As for a stock market collapse, hell yeah it's coming. Artificial or just part of the natural cycle of the economy, somebody's gonna take a bath and a few are gonna rake it in.

Of course, the true conspiracy theory is that those who push for the war and those who rake in riches when the bubble bursts are one and the same. My new tunnel vision doesn't follow that rabbit down any holes, nor do I care to. I have enough to keep Me occupied elsewhere on the Web, and more importantly, in My Life.

The Jenius Has Spoken.

28 August 2007


This won't take long...

Those of you sitting in the Continental 48 and Pacific-touching 2 can access a lil ol' website called E-Loan. Been around a while, has developed a schizoid reputation for excellence in service and screw-the-pooch heavy-handedness. (Do your own research: You'll see.)

The basic premise of E-Loan is that of its myriad competitors: Invert the bank-client relationship for common loans. The usual, traditional, historical bank loan relationship is that of powerful overlord versus hat-in-hand petitioner. Banks acting like they own the world and the little people sweating out the bank's carnivalesque profiteering. All legally proscribed, of course.

Then comes this thing called the Internet and power shifts to the client, the consumer, the click-to-leave user who can cross borders in an instant. Suddenly, banks find it useful to compete for clients anywhere. Theoretically, consumers benefit when "banks compete for your business," as an E-Loan rival sloganeers.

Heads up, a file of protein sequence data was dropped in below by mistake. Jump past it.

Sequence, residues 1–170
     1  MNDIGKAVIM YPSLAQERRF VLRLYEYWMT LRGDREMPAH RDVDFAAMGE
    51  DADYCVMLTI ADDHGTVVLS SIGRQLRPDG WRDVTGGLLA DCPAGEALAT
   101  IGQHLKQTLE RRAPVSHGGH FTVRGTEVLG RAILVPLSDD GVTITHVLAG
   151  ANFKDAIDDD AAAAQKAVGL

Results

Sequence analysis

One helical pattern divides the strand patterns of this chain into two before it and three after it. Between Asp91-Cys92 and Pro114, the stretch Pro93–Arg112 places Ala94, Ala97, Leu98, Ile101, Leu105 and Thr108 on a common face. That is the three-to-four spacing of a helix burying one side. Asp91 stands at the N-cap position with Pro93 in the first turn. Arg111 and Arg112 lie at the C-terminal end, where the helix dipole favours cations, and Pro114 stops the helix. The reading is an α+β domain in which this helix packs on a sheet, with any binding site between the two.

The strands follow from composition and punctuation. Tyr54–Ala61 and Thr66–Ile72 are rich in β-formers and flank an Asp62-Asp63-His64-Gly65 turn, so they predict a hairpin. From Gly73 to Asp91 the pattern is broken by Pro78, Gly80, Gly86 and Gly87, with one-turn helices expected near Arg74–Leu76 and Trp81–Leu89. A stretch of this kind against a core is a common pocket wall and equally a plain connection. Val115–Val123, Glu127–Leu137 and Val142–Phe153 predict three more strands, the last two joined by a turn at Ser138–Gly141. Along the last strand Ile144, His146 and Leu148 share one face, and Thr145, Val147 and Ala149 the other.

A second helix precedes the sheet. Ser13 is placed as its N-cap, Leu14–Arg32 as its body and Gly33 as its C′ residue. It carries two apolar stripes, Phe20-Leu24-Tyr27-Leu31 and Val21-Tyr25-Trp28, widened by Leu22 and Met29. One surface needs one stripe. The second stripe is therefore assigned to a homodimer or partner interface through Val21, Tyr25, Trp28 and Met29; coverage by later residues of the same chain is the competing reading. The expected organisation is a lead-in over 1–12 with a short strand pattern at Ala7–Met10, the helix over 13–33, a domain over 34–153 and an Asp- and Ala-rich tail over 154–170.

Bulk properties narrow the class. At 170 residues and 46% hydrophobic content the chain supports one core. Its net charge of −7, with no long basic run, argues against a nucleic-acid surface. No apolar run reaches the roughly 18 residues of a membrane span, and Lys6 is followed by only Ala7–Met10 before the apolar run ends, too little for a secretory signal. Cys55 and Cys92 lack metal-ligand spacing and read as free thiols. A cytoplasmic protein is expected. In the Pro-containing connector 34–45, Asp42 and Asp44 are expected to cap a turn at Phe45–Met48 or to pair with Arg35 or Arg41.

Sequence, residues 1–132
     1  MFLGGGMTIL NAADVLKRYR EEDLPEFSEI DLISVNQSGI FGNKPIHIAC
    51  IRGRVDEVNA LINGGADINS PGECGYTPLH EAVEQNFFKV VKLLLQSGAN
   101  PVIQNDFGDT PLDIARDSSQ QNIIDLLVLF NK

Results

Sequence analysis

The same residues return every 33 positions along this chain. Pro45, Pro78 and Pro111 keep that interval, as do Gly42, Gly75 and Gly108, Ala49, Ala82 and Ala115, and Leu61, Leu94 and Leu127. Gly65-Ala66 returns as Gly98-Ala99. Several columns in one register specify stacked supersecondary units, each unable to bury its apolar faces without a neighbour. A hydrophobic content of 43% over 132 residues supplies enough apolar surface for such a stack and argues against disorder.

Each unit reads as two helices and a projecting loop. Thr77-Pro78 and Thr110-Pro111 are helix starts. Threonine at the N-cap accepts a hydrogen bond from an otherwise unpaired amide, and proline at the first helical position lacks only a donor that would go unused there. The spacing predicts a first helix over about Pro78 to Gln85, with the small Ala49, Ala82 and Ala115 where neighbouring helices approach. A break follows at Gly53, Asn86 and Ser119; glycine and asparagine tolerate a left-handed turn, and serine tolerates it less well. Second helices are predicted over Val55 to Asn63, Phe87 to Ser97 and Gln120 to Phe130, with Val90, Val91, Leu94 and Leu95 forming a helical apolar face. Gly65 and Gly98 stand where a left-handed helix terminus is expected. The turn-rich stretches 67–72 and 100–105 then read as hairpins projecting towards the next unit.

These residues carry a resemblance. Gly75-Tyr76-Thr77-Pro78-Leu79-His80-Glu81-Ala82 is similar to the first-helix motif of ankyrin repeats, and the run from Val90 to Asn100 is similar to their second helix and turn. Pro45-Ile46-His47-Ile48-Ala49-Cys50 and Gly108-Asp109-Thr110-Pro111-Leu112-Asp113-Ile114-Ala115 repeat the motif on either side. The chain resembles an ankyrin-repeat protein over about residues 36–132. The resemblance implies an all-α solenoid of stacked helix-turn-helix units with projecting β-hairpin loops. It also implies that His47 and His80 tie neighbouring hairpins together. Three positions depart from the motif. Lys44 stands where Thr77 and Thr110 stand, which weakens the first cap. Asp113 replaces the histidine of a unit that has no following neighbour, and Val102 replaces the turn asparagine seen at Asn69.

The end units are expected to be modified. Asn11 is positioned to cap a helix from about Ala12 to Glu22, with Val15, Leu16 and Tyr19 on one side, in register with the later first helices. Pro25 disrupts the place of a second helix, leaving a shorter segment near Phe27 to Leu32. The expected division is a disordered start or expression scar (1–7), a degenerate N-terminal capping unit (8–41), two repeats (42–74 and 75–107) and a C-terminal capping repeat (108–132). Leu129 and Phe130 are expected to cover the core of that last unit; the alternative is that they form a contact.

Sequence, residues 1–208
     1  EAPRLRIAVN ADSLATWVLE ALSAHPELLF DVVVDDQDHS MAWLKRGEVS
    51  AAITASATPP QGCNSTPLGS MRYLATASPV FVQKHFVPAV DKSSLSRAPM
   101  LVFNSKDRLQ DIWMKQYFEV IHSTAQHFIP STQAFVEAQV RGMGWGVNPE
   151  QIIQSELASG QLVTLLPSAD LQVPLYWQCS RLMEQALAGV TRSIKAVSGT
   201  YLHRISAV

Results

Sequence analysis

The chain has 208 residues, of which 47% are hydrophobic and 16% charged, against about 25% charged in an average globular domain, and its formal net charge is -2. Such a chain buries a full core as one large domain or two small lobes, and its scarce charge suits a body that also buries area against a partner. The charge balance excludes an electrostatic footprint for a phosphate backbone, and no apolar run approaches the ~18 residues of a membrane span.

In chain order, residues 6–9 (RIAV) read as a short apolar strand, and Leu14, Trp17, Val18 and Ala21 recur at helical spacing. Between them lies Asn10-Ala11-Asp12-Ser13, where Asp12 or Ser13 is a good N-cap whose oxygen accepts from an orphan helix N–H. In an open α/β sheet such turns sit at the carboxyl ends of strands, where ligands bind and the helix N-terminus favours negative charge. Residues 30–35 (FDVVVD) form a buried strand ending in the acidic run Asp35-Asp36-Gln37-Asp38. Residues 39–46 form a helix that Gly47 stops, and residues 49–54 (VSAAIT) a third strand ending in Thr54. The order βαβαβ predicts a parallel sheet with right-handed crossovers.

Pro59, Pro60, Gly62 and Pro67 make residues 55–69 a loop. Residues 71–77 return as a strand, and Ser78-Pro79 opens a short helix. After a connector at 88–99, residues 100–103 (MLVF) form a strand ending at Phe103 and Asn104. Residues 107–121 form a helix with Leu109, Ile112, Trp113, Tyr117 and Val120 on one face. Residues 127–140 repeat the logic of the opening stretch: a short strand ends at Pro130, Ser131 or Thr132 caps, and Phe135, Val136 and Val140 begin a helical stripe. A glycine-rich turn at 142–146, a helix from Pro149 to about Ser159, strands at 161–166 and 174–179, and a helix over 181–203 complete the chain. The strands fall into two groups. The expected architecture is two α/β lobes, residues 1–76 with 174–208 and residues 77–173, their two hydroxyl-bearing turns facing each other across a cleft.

Back in 2005, who buys E-Loan for about $300 million? Popular, Inc. Based in Illinois.

But if you clicked on the link, you're way ahead of Me... because Popular, Inc. is none other than Banco Popular de Puerto Rico, the largest local bank and a steaming pile of offal blocking the parkway of progress of Our people. Long story short: They make Our economy a virtually-centralized, one-bank-to-rule-them, Third World sumphole.

Ya think E-Loan was bought to offer the power of the people to Us? By a bank that has majority or near-majority control locally of mortgages, car loans, construction loans, personal loans, high-interest loans, credit cards and ATM transactions, as well as government transactions?

Ya think?

The Jenius Has Spoken.

24 August 2007

The Art of (Business) War